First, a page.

The Bedford County registrar provided this map of the census block lines. The light line shows where they were in 2011; the dark line is where they are now. In 2011, the house was considered on the county line but Roanoke County and Bedford County officials agreed it should be taxed in Bedford County although the Census Bureau counted it in Roanoke County. We have blotted out the street addresses so as not to identify the specific address. Courtesy of Bedford County Registar’s office.

I checked back in with the registrar and learned that since last year, she’s figured out why the census block doesn’t match the county line the way it’s supposed to. She forwarded an email from the Census Bureau that said “it appears that this boundary was inadvertently adjusted during a geographic processing or cleanup operation.”

The Census Bureau says it’s since fixed the problem, so the census blocks will now be right — for the redistricting after the 2030 census.

However, that doesn’t change the lines for the rest of the decade. Those lines, based on the census blocks that existed in 2021, are set, not in stone, but something more permanent: a court order.

Our current redistricting is the first one since a constitutional amendment set up a new redistricting method for Virginia, one that took the power away from the General Assembly (realistically, the majority party in the General Assembly) and gave it to a bipartisan commission. That commission predictably deadlocked, so the task fell to the Virginia Supreme Court, which appointed the two aforementioned special masters, then issued a court order affirming the results of their work.

Let me restate that more clearly. Previous maps were drawn by an act of the General Assembly — and acts of the General Assembly can be amended. These maps were ordered by the Supreme Court and the constitution makes no provision for amending them. Indeed, that would defeat the purpose: to get the General Assembly’s grubby hands off the process.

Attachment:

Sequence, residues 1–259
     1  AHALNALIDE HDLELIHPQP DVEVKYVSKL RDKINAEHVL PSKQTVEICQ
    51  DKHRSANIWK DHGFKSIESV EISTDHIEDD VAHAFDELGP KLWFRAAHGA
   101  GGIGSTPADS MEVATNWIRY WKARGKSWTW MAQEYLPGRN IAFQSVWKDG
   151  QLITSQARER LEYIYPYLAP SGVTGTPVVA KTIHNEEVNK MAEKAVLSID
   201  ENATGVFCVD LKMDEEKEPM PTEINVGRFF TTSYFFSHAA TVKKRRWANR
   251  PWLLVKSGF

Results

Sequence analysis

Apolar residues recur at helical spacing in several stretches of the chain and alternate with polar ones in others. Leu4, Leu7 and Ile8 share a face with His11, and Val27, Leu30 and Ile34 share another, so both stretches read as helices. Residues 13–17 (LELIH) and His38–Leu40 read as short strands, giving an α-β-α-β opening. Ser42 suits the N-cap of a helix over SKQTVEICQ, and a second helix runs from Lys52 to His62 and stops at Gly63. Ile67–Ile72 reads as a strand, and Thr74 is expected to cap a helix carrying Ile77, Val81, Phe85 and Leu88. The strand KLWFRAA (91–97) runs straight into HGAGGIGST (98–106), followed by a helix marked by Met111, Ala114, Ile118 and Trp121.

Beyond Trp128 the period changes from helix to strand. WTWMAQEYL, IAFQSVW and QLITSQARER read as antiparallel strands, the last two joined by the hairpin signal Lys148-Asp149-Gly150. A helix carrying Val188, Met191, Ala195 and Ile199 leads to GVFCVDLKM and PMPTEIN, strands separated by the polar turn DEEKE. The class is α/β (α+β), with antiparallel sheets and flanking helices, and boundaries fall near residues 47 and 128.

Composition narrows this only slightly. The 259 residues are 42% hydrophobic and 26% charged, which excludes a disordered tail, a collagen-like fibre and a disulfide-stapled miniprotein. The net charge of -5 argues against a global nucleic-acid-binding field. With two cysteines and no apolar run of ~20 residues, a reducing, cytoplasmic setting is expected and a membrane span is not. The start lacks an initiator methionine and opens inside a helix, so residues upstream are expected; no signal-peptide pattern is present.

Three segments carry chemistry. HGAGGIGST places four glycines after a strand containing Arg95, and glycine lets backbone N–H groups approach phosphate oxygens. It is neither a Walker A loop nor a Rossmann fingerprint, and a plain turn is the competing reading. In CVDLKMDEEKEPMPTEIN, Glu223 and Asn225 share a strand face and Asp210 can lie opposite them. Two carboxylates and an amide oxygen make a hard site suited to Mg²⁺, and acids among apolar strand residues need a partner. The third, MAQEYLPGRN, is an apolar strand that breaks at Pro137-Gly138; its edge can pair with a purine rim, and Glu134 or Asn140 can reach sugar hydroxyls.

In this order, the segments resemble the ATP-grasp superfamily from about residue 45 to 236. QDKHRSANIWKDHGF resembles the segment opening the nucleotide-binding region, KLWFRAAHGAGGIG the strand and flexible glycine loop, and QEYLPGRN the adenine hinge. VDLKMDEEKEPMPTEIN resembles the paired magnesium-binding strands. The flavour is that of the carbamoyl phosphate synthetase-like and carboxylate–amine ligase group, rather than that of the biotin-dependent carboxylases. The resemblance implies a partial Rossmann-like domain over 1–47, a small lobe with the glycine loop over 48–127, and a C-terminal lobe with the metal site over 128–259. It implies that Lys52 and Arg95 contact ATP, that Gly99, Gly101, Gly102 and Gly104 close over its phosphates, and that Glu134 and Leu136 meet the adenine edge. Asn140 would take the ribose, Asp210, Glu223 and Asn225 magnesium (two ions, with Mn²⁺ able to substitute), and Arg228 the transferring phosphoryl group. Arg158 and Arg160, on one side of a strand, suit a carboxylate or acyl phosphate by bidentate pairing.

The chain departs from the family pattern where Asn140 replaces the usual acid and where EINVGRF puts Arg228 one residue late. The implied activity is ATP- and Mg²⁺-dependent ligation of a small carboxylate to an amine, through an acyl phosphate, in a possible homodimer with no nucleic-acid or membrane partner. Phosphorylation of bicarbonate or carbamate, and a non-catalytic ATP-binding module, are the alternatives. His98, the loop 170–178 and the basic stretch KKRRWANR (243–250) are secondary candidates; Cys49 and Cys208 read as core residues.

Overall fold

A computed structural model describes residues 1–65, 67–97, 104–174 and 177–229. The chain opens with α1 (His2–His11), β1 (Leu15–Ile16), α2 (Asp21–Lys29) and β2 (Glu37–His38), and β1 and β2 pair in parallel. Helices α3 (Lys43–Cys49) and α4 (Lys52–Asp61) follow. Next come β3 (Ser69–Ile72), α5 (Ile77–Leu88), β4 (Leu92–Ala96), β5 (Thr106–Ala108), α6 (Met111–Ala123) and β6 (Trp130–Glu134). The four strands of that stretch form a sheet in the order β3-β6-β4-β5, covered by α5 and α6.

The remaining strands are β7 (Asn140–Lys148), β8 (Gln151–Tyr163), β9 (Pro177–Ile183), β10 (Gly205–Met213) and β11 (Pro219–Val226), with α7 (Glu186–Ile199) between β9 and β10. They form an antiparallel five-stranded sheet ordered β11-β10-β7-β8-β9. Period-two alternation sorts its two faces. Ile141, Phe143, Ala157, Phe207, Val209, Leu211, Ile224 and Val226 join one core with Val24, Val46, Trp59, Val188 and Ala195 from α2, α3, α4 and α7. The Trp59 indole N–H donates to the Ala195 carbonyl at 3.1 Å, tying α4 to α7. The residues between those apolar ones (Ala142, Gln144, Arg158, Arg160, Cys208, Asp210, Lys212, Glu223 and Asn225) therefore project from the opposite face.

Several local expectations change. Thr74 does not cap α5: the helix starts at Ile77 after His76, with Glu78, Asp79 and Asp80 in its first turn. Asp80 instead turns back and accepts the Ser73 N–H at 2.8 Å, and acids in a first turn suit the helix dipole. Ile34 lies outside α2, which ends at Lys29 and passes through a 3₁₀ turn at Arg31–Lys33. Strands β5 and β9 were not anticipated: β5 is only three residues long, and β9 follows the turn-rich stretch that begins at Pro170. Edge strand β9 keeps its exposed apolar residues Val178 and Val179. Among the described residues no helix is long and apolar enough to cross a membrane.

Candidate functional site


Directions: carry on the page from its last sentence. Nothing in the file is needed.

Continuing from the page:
That means we’re stuck with this oddity of two voters who have their ballots exposed, unless the Supreme Court issues an order amending its previous order.

I consulted with three of Virginia’s best-known legal experts on constitutional law: Carl Tobias at the University of Richmond, Henry Chambers at the University of Richmond and Rebecca Green at the College of William & Mary. Each one was baffled, each one was intrigued and each one passed the question off to someone else who they felt certain would have a better answer.

Their consensus: The current situation seems plainly unconstitutional. The Virginia Constitution clearly says: “At the time any precinct is established, each precinct in a county shall have no fewer than 100 registered voters and each precinct in a city shall have no fewer than 500 registered voters.” That doesn’t address split precincts, which technically this is, but the Constitution is also clear in another place: “Secrecy in casting votes shall be maintained …” That’s clearly not happening here.

The legal experts were also skeptical whether the Supreme Court would do anything without the two voters filing suit. Courts are set up to react to litigation, not initiate it. Courts judge, they don’t govern. “Typically, the Virginia Supreme Court could not weigh in spontaneously,” Green said. “It would need jurisdiction over a case brought by an injured party (affected voter or perhaps someone else who could make a plausible claim to be negatively impacted). Then again, these are the court’s maps.”

Indeed, they are.

So, out of our thousands and thousands of readers every day, I’m really hoping that seven in particular read this column: the seven justices of the Virginia Supreme Court.

Through no fault of your own, you have enacted a redistricting plan that strips two voters of their constitutional right to a secret ballot. Can you fix that?

Yancey is editor of Cardinal News. His opinions are his own. You can reach him at